Elena is an old, Greek woman with traditional beliefs. Her refusal to accept her son as a sexualised adult has lead to their estrangement. At his death, she discovers that he had been working in Los Angeles as a gay porn actor. She goes to an adult store to find one of his videos. She takes it home, watches it, and then burns it. Overwhelmed by grief, all she can do is retreat into her memories.
The story presents an uncomfortable and shocking manifestation of grief which challenges the archetype of the wholesome, nurturing mother. And while this example of grief is extreme, it is an amplification of what many mothers may experience. As a child becomes an adult, there is a diminution, or at least a reconfiguration, of the maternal identity. This can be felt all the more intensely if a child turns out to be something different to what the mother had expected or wanted, for example, being gay or lesbian.
Through flashbacks to memories of her son as a little boy, we gain a glimpse of how she raised her son. And as she clings to these memories, we understand that it this version of her life that she yearns for, a version when her son needed her.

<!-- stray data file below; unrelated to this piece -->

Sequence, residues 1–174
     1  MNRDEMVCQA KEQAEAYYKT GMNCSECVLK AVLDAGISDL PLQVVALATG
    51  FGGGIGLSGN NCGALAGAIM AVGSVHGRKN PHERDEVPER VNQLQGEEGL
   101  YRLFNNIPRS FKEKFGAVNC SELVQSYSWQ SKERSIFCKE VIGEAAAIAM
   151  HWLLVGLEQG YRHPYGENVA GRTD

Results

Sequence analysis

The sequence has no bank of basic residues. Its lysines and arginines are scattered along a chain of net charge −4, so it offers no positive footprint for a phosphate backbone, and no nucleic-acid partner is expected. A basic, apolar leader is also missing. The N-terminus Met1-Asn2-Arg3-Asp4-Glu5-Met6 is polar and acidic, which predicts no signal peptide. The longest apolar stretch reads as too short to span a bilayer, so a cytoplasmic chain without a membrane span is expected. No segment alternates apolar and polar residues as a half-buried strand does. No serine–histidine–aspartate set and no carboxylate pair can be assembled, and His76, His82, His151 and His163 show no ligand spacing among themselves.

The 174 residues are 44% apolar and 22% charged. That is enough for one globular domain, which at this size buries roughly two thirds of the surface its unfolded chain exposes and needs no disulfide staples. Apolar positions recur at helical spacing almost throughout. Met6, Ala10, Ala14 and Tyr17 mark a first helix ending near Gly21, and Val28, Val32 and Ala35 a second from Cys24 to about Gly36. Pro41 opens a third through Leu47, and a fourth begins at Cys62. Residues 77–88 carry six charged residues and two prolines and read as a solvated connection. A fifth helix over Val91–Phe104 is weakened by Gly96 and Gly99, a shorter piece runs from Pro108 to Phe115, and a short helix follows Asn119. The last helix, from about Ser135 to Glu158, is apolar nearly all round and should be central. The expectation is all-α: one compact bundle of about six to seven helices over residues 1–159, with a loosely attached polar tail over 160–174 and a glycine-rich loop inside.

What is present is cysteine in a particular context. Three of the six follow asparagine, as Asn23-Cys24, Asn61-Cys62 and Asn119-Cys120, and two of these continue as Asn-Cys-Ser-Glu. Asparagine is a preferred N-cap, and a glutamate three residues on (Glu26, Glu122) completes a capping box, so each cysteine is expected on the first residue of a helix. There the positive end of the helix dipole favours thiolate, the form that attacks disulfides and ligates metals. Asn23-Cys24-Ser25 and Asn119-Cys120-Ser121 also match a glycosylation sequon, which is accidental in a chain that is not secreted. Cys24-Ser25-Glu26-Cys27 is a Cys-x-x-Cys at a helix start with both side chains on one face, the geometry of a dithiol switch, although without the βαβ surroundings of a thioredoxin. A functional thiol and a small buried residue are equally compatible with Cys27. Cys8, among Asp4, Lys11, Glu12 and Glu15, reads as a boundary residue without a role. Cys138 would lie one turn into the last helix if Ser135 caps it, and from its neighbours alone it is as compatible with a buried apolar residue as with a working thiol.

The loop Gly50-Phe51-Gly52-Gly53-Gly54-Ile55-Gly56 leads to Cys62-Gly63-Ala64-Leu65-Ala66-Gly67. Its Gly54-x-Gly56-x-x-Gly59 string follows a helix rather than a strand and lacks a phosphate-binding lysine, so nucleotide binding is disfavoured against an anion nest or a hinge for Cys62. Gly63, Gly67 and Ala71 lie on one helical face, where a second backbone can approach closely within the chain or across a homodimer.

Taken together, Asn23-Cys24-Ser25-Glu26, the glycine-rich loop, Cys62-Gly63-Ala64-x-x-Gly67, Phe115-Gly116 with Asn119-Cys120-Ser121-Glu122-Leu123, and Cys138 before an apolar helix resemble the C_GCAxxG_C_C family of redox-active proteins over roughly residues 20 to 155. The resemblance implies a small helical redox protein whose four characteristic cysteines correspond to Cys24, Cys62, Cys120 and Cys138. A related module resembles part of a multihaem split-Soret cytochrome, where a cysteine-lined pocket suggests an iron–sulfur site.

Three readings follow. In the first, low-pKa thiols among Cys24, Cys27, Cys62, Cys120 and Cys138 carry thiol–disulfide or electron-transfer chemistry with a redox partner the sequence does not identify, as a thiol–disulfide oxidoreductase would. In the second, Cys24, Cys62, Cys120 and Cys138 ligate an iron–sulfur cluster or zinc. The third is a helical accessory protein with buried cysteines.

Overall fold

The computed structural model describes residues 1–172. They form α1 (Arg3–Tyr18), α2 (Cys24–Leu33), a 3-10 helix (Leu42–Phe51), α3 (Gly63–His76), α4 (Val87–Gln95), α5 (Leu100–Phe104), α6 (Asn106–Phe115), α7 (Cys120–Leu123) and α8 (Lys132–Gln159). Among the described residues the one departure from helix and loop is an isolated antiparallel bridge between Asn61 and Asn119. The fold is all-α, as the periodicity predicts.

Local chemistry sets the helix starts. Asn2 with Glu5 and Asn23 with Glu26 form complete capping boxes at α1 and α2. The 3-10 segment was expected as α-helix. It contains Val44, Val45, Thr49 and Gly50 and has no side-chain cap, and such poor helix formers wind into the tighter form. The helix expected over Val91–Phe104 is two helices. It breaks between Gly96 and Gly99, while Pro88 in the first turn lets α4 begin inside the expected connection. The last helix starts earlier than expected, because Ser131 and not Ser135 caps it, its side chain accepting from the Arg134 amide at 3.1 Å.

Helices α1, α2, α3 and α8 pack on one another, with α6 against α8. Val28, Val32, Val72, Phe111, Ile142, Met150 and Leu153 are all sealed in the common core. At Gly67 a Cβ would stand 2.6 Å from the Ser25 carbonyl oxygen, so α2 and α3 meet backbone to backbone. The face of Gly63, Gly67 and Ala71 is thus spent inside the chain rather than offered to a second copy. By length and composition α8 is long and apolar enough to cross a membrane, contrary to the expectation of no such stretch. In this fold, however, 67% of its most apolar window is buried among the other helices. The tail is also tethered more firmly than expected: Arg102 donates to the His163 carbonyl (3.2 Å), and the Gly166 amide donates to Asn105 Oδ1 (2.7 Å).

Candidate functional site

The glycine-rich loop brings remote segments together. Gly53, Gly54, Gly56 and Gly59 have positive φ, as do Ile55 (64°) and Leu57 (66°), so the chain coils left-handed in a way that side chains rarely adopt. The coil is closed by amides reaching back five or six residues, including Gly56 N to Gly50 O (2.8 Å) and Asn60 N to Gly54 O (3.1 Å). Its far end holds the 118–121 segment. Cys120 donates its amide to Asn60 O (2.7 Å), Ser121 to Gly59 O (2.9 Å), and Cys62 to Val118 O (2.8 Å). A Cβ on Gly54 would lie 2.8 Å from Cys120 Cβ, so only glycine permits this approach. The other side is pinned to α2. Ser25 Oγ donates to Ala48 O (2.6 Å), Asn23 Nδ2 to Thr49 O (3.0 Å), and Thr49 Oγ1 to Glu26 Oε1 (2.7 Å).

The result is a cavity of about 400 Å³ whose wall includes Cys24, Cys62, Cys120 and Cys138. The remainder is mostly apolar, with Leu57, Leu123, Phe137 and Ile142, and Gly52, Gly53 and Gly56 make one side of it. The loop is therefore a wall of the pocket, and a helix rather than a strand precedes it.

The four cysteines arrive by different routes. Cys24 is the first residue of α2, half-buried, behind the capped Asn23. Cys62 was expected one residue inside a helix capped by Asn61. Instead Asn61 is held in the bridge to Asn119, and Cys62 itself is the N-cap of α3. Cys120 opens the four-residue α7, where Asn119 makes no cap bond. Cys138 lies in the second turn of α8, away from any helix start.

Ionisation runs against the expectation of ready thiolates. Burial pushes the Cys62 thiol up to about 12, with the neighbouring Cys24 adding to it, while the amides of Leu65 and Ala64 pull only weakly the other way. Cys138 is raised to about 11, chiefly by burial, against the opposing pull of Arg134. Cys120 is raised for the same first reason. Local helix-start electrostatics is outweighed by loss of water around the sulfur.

In part, this film is about the rejection of a son by his mother because of his sexuality; however, this film looks to represent a more complex dynamic. This mother is both victim and perpetrator. She enabled the loss which now torments her. We gain a sense of her deep regret as a moment from her past echoes in her mind, a moment when she could have reached out to her son and answered his call.
By going to the porn shop and by watching the film, Elena transgresses entrenched boundaries, both personal and social, in a futile effort to connect with her son’s ghost. Her attempt at redemption is tragically poignant, and in our treatment of the story, we have wanted to engender this attempt with beauty.